When breweries resort to publicly shaming a bar for failing to pay for beer it’s probably a sign that establishment is in the process of failing.
We’ve watched the increase in the number of craft beer bars outside the very biggest urban centres with interest, and perhaps a little anxiety: can small towns, or even smaller cities, really support these kinds of niche venues?
We try not to be excessively triumphalist (‘The victory of Craft is assured — not one step back!’) or overly pessimistic (‘We’re doomed!’) but, on balance, this is a worrying sign — a small crack in the plaster that might be nothing, or might indicate that one side of the structure is about to fall off.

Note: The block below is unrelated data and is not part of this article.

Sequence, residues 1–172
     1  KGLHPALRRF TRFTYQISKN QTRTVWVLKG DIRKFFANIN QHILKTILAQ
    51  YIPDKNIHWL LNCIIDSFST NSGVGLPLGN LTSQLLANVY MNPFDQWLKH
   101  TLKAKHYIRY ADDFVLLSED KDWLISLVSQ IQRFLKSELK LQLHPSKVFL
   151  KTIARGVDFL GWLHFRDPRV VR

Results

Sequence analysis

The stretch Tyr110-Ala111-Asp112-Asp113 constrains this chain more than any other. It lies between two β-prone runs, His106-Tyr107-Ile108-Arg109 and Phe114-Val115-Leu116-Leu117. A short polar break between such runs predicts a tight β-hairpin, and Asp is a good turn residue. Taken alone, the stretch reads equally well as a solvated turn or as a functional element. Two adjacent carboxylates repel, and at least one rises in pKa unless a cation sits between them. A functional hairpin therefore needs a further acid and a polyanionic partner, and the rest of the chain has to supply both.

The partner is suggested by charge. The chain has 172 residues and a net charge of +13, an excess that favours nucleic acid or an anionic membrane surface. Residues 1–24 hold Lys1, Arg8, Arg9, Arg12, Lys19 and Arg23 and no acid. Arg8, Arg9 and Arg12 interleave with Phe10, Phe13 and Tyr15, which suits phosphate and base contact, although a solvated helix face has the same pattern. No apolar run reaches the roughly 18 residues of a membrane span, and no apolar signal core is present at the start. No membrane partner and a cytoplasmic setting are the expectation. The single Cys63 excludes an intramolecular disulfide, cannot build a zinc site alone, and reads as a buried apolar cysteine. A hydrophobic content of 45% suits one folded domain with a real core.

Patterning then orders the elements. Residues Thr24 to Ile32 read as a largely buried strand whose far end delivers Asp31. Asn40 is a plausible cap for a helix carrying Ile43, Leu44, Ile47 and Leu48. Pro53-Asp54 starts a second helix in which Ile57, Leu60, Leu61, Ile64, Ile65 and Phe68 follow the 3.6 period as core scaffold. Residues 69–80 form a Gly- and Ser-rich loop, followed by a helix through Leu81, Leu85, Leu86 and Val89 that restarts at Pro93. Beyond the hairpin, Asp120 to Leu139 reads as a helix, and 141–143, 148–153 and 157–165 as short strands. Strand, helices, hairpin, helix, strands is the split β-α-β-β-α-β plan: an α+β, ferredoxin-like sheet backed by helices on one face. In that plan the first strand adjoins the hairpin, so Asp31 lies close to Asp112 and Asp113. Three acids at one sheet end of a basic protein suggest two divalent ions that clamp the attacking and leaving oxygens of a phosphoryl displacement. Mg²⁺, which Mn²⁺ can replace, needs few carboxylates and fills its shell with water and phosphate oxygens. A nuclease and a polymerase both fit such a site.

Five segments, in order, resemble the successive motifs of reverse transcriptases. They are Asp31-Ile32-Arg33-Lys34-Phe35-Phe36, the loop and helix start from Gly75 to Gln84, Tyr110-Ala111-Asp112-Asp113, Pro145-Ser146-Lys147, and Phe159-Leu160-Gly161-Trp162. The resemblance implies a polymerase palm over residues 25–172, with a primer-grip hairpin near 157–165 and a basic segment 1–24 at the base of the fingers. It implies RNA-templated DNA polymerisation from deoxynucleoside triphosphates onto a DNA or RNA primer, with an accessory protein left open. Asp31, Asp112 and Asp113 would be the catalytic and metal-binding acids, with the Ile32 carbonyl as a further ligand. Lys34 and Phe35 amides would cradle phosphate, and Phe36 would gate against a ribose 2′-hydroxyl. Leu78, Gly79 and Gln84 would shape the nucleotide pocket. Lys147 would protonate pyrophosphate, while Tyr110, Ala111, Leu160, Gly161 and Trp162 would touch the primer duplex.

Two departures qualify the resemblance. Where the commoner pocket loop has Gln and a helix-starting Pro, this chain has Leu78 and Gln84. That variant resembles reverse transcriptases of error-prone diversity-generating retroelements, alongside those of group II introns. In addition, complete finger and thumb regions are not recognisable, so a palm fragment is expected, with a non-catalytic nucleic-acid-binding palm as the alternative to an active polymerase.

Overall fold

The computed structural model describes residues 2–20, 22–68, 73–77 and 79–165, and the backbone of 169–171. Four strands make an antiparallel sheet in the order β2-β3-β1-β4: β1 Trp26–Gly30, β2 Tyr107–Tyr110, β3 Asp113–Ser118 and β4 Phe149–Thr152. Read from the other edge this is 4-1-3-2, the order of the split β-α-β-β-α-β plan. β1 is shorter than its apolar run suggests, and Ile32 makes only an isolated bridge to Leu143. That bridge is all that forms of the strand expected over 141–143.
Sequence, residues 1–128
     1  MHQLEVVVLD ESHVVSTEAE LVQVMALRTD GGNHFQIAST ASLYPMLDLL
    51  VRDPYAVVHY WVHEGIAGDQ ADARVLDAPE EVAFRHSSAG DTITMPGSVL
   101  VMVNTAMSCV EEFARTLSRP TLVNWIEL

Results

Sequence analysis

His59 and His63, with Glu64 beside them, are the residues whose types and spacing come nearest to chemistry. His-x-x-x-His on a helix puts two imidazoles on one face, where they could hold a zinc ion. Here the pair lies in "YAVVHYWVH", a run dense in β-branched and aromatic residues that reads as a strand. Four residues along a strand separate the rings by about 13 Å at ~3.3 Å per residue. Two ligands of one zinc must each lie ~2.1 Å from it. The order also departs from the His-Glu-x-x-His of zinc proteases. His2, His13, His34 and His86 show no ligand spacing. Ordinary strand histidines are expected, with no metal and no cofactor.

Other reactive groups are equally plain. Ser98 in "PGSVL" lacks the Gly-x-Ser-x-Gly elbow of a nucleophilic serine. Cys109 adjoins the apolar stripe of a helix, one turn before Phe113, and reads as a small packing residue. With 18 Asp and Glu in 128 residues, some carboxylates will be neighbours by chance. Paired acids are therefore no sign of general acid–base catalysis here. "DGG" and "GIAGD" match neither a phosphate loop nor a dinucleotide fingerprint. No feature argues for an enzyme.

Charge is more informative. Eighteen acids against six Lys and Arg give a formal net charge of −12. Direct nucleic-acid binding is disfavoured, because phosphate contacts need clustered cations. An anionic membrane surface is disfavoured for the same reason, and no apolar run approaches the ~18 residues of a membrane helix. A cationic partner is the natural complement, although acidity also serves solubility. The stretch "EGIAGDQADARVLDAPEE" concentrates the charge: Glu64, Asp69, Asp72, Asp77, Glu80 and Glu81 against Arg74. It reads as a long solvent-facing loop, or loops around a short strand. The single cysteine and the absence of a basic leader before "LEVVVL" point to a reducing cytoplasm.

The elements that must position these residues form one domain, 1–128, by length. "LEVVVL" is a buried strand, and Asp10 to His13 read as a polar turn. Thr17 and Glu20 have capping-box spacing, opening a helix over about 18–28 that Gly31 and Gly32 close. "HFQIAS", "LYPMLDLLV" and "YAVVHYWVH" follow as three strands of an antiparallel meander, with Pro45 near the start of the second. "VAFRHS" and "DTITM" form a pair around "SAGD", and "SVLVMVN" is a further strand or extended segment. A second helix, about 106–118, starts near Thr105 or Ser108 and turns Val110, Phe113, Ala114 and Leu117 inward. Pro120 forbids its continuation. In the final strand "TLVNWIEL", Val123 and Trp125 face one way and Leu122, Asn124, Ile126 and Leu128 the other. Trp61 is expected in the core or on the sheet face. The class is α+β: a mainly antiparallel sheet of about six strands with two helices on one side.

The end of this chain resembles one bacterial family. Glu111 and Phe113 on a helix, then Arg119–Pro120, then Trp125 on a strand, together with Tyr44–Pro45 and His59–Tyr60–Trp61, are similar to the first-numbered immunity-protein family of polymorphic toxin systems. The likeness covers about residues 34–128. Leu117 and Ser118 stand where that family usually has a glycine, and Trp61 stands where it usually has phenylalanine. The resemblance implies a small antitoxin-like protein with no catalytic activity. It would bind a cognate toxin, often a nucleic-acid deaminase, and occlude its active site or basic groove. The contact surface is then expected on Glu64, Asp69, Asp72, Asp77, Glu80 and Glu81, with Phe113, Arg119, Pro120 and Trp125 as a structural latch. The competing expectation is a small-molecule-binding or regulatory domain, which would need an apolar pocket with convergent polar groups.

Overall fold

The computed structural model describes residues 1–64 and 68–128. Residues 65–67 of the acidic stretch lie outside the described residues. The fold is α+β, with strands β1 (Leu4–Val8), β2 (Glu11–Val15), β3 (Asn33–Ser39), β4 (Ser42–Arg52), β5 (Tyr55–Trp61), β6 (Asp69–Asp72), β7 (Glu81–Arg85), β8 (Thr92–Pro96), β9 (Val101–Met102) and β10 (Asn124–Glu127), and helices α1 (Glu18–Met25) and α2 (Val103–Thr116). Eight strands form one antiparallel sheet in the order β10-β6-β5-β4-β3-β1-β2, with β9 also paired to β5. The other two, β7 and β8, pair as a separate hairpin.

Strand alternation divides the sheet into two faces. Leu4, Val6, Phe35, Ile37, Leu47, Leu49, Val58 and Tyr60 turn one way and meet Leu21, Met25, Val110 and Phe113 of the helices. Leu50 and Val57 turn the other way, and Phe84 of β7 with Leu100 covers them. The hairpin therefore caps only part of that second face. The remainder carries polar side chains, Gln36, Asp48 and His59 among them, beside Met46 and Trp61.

For now, it goes into a slim file of evidence alongside the time we had a small-town craft beer bar to ourselves for two hours one Sunday lunchtime, and this story from our Saturday news round-up about a supposed craft beer bar being turned back into a traditional pub.
We haven’t named the bar or linked to the Tweets in question because, although it was a public exchange, our instincts tell us it’s private business and that people struggling to pay their bills probably don’t need a pile on. The picture is from the Beavertown tap room and is a serving suggestion only.